Agriculture is of primary importance to the Indian economy. A large proportion of the Indian population is dependent on agriculture for employment. It is the source of livelihood for 70% of the Indian masses. 16% of India’s GDP comes from agriculture. India also exports a large proportion of its agricultural products to the international markets; making agriculture one of the biggest sources of its income from trade. Of course, non-agricultural sectors are also rapidly developing in the country. Yet, they haven’t been able to match up to the contributions made by the agriculture sector owing to the rapid population expansion.
Agriculture in India is largely dependent on the monsoons. Issues like climate change and reduction in rainfall affect the sector in every possible way. Drought-like situations and debt-ridden farmers driven to committing suicide have become way too “normal” to grab eyeballs anymore. But, if ignored now, this can pose a serious threat to coming generations and, not to forget, the economy as a whole.
Let us try and see how the youth can help the agriculture sector in India.
In an agro-based economy like India, there can be no better way of reducing poverty than building a strong agricultural sector. When it comes to career choices, you will listen to people saying that they aspire to become doctors, engineers and so on. Even farmers’ families want to break free from the family occupation and choose other careers. The youth and those who have the access to education and infrastructure should venture into the sector and revive it from its troubled times.
Produce Young Entrepreneurs
when tapped in the correct way, agriculture can prove to be a goldmine for entrepreneurs. The largely ignored sector needs young and educated brainpower who can put developmental research into practice to incentivize productive investment in small farm businesses. Such investment will foster benefits in a two-fold way. Firstly, with the presence of forward-looking young entrepreneurs, the system, otherwise characterized by declining number of supernormal profit earning middlemen, is bound to become more centralized. Secondly, with the decline of swindling middlemen, the incentive structure will favor the actual farm owners to put in more effort and thereby earn higher profits. Young entrepreneurs would also bring with them advanced knowledge of production, thereby striving to get closer to the frontiers of technological advancement.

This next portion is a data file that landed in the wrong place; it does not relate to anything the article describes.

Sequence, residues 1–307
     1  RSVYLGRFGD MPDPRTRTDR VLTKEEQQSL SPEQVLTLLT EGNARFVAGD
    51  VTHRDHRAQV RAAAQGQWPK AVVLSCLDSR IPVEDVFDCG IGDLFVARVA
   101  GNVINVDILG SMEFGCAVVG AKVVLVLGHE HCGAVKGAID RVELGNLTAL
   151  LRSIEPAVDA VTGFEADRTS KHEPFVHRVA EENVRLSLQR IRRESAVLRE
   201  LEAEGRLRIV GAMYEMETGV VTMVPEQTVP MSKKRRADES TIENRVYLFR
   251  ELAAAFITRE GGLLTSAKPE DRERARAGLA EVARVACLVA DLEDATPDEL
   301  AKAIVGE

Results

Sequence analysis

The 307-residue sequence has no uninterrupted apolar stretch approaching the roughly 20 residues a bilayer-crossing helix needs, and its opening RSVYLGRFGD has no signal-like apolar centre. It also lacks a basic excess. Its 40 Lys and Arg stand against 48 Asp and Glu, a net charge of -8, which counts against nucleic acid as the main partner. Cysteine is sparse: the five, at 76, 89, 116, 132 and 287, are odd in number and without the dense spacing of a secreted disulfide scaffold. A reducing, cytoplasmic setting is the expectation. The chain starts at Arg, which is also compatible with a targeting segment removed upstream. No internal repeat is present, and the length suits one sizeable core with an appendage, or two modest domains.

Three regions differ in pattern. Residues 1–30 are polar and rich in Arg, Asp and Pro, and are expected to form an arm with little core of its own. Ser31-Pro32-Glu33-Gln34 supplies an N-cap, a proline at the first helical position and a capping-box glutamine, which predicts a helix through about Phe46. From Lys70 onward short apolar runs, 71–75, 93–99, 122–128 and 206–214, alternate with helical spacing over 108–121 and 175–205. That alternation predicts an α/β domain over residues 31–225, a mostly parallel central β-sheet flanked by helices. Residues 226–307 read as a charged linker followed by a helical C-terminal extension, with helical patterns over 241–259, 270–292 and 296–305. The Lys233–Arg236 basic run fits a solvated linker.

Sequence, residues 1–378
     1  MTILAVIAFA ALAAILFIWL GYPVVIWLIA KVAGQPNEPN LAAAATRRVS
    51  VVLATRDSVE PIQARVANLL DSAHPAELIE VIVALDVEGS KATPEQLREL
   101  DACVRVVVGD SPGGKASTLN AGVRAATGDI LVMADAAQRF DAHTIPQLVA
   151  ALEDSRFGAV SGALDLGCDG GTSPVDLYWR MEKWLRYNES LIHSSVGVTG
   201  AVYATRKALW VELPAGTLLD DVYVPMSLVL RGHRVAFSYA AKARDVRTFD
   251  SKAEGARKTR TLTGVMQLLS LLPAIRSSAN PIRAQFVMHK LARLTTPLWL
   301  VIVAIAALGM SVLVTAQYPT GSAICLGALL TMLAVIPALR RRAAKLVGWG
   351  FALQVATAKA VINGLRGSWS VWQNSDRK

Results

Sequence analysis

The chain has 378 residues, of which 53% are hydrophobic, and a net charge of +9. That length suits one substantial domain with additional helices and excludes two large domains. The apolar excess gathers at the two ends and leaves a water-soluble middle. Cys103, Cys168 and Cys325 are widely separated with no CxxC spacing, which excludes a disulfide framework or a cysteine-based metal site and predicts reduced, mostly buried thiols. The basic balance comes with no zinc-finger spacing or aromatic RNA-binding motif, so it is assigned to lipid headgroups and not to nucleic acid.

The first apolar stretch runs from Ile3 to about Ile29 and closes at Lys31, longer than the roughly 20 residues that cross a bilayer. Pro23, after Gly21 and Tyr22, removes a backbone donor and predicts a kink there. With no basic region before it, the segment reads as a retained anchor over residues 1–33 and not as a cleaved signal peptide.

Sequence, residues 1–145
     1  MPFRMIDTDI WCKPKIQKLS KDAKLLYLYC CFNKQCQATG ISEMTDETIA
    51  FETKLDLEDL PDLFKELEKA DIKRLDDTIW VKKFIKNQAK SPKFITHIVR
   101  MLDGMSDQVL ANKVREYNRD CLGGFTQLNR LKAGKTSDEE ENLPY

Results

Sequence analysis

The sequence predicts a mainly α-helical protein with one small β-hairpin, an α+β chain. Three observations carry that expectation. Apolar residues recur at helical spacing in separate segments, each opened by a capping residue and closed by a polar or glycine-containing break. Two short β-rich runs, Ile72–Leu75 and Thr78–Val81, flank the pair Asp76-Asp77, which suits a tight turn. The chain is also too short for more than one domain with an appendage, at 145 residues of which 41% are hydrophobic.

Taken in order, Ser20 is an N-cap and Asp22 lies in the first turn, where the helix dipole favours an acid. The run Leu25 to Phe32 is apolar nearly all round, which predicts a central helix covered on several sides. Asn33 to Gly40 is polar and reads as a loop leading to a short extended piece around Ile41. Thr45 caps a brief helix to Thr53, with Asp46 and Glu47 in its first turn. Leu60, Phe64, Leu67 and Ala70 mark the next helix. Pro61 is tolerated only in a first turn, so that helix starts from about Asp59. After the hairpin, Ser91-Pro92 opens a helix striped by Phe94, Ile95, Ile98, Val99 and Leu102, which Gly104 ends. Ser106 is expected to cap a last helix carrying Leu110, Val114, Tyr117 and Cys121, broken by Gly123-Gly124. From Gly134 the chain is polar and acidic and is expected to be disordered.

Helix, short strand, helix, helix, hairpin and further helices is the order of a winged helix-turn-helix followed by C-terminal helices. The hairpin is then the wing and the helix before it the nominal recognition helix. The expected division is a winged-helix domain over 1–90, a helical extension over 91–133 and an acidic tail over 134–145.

Application of Innovations
A big problem with the system of Indian agriculture is that unlike other agrarian, more developed economies, a large part of it is still heavily dependent on the climate. This leads to a higher variance in crop yield depending on the monsoon season in any given year. Young entrepreneurs who are expected to be more integrated with foreign techniques of production as compared to their aged counterparts would be keener to undertake innovation activities to reduce this over-dependence on climate. Though undertaking innovation can incur fixed cost, the benefits are more long-term in nature as they would increase the returns in future. Young entrepreneurship is also expected to witness better levels of economic integration with both nationalized and foreign banks to facilitate improved credit transactions, thereby making it easier to incur fixed costs in production.
Studies have shown that in 20 years Indian labour force is going to increase by 32%. The country needs to have the infrastructure to equip this massive population with the ability to meet its economic needs. With agriculture constituting such a major portion of our economy, it is only imperative that the youth who will constitute this massive labour force, should step into the sector and work towards keeping it abreast with the latest methods that could help improve the sector.